Syntactic Foundations

PDDL+ builds directly on the discrete fragment of PDDL2.1: that is, the fragment containing fixed-length durative actions. This is supplemented with the timed initial literals of PDDL2.2 [Hoffmann EdelkampHoffmann Edelkamp2005]. It introduces two new constructs: events and processes. These are represented by similar syntactic frames to actions. The elements of the formal syntax that are relevant are given below []<these are to be read in conjunction with the BNF description of PDDL2.1 given in>pddl2.

 <structure-def>  ::=
$ ^{\tt :events}$ <event-def>

<structure-def> ::= $ ^{\tt :events}$ <process-def>

The following is an event from the Planetary Lander Domain. It models the transition from night to day that occurs when the clock variable daytime reaches zero.

 (:event daybreak

:parameters ()
:precondition (and (not (day)) (>= (daytime) 0))
:effect (day)

The BNF for an event is identical to that of actions, while for processes it is modified by allowing only a conjunction of process effects in the effects field. A process effect has the same structure as a continuous effect in PDDL2.1:

 <process-effect>  ::=(<assign-op-t> <f-head> <f-exp-t>)

The following is a process taken from the Planetary Lander Domain. It describes how the battery state of charge, soc, is affected when power demand exceeds supply. The interpretation of process effects is explained in Section 4.2.

 (:process discharging

:parameters ()
:precondition (> (demand) (supply))
:effect (decrease soc (* #t (- (demand) (supply))))
We now provide the basic abstract syntactic structures that form the core of a PDDL+ planning domain and problem and for which our semantic mappings will be constructed. Core Definition 1 defines a simple planning instance in which actions are the only structures describing state change. Definition 1 extends Core Definition 1 to include events and processes. We avoid repeating the parts of the core definition that are unchanged in this extended version.

Definition 1   Planning Instance A planning instance is defined to be a pair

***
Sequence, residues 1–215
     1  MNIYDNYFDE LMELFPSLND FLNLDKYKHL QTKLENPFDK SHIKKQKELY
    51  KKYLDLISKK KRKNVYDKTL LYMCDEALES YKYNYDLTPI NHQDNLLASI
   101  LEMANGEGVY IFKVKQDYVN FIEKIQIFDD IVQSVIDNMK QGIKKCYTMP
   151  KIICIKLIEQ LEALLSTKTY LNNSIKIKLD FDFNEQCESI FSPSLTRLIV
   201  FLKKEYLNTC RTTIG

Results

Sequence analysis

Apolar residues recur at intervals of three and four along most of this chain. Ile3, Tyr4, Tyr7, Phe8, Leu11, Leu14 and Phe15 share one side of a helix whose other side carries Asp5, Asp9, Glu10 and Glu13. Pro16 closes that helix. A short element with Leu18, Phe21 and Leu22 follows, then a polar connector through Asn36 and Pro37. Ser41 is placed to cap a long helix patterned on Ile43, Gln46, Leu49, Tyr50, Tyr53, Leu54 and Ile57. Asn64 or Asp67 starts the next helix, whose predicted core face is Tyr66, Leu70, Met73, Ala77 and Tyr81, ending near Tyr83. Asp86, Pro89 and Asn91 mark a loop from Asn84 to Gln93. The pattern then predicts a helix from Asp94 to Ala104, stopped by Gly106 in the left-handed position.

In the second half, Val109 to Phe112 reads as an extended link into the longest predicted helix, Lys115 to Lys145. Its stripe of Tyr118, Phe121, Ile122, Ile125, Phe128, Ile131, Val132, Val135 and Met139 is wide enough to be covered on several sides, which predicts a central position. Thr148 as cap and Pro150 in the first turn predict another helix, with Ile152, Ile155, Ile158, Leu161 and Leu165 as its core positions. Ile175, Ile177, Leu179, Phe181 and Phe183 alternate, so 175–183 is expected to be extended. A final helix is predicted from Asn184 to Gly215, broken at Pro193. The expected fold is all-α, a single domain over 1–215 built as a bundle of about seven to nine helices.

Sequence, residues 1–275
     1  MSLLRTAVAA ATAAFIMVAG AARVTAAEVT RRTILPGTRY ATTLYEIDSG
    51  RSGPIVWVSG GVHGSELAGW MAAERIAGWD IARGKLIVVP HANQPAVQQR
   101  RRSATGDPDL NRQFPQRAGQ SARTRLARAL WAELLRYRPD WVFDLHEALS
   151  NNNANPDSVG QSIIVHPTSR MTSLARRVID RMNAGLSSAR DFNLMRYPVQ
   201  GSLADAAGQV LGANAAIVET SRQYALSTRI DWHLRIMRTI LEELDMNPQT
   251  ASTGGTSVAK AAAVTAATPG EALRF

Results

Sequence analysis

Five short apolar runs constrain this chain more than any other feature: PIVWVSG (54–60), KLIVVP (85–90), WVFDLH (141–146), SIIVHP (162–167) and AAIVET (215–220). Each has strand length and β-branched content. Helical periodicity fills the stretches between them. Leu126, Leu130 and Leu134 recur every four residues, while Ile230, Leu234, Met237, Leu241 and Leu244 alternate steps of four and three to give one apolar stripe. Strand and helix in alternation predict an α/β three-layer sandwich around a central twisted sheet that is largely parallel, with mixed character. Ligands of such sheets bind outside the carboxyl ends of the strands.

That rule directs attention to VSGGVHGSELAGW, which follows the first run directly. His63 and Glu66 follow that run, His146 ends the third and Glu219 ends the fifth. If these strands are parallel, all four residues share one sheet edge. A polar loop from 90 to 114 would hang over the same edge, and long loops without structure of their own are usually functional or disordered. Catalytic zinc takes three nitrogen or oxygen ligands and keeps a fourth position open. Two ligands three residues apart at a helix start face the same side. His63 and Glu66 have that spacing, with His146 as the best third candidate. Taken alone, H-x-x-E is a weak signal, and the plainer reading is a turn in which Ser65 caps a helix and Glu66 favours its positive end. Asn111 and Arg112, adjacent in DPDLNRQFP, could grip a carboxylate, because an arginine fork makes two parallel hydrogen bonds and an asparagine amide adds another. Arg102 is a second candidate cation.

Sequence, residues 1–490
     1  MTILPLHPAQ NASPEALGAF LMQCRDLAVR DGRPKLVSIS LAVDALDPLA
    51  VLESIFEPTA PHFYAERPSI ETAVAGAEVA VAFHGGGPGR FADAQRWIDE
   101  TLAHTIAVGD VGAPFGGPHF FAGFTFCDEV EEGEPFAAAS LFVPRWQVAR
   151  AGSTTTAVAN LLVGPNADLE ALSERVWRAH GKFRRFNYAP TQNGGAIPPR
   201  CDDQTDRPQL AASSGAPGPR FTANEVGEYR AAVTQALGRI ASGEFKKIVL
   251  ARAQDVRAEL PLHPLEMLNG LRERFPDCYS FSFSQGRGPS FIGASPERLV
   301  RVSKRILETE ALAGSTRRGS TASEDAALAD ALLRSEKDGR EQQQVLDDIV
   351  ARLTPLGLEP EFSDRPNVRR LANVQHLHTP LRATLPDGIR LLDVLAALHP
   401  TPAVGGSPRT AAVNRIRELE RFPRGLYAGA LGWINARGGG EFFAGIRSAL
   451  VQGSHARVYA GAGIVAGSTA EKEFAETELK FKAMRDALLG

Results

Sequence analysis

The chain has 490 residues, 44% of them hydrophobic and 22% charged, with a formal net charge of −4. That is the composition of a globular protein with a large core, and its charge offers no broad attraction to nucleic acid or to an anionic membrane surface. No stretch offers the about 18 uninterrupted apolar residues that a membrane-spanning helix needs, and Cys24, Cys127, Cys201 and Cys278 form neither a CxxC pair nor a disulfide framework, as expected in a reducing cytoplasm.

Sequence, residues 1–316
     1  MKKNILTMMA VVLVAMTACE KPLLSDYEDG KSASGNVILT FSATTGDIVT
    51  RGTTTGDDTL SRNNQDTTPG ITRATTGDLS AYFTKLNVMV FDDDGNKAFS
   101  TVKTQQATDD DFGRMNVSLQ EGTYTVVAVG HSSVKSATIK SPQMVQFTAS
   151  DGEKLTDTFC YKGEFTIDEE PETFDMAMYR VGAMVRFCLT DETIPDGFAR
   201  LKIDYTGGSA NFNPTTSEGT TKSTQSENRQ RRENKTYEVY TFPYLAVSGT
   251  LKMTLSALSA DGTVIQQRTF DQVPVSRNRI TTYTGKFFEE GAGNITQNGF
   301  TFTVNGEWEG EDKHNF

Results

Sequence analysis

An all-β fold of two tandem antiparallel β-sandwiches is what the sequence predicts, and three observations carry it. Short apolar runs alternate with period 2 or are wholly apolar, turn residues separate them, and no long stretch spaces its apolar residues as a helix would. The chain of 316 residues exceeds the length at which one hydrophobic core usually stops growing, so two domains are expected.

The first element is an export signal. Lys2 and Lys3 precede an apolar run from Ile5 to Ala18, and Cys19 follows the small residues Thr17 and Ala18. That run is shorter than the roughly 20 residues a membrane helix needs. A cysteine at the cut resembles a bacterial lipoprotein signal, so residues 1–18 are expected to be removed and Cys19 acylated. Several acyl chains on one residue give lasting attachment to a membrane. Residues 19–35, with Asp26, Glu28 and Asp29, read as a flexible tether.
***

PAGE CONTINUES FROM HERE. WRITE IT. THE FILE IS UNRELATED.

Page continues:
$\displaystyle I = (Dom,Prob)$

where $ Dom = (Fs,Rs,As,Es,Ps,arity)$ is a tuple consisting of finite sets of function symbols, relation symbols, actions, and a function arity mapping all of these symbols to their respective arities, as described in Core Definition 1. In addition it contains finite sets of events $ Es$ and processes $ Ps$.

Ground events, $ \cal E$, are defined by the obvious generalisation of Core Definition 6 which defines ground actions. The fact that events are required to have at least one numeric precondition makes them a special case of actions. The details of ground processes, $ \cal P$, are given in Definition 2. Processes have continuous effects on primitive numeric expressions (PNEs). Core Definition 1 defines PNEs as ground instances of metric function expressions.

Definition 2   Ground Process Each $ p \in \mathcal{ P}$ is a ground process having the following components:

Definition 3   Plan A plan, for a planning instance with the ground action set $ \mathcal{ A}$, is a finite set of pairs in $ \mathbb{Q}_{>0} \times \mathcal{ A}$ (where $ \mathbb{Q}_{>0}$ denotes the set of all positive rationals).

The PDDL family of languages imposes a restrictive formalism for the representation of plans. In the temporal members of this family, PDDL2.1 [Fox LongFox Long2003], PDDL2.2 [Hoffmann EdelkampHoffmann Edelkamp2005] and PDDL+, plans are expressed as collections of time-stamped actions. Definition 3 makes this precise. Where actions are durative the plan also records the durations over which they must execute. Figure 1 shows an abstract example of a PDDL+ plan in which some of the actions are fixed-length durative actions (their durations are shown in square brackets after each action name). Plans do not report events or processes.

Figure 1: An example of a PDDL+ plan showing the time stamp and duration associated with each action, where applicable. Actions 2, 3, 4 and 7 are instantaneous, so have no associated duration.
{\bf Time} & {\bf Action} & {...
21.04: & {\em Action 8} & [1.000]\\

In these plans the time stamps are interpreted as the amount of time elapsed since the start of the plan, in whatever units have been used for modelling durations and time-dependent effects.

Definition 4   Happening A happening is a time point at which one or more discrete changes occurs, including the activation or deactivation of one or more continuous processes. The term is used to denote the set of discrete changes associated with a single time point.

Derek Long 2006-10-09